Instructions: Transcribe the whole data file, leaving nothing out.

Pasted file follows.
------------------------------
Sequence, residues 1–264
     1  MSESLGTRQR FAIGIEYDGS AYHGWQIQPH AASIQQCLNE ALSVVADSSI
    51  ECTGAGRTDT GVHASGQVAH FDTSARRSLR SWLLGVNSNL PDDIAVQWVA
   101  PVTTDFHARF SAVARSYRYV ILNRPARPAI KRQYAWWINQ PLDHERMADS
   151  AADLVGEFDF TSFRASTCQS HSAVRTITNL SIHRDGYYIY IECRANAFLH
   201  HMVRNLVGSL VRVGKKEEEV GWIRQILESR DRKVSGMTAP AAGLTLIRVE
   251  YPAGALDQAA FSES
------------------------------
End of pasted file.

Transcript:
Sequence, residues 1–264
     1  MSESLGTRQR FAIGIEYDGS AYHGWQIQPH AASIQQCLNE ALSVVADSSI
    51  ECTGAGRTDT GVHASGQVAH FDTSARRSLR SWLLGVNSNL PDDIAVQWVA
   101  PVTTDFHARF SAVARSYRYV ILNRPARPAI KRQYAWWINQ PLDHERMADS
   151  AADLVGEFDF TSFRASTCQS HSAVRTITNL SIHRDGYYIY IECRANAFLH
   201  HMVRNLVGSL VRVGKKEEEV GWIRQILESR DRKVSGMTAP AAGLTLIRVE
   251  YPAGALDQAA FSES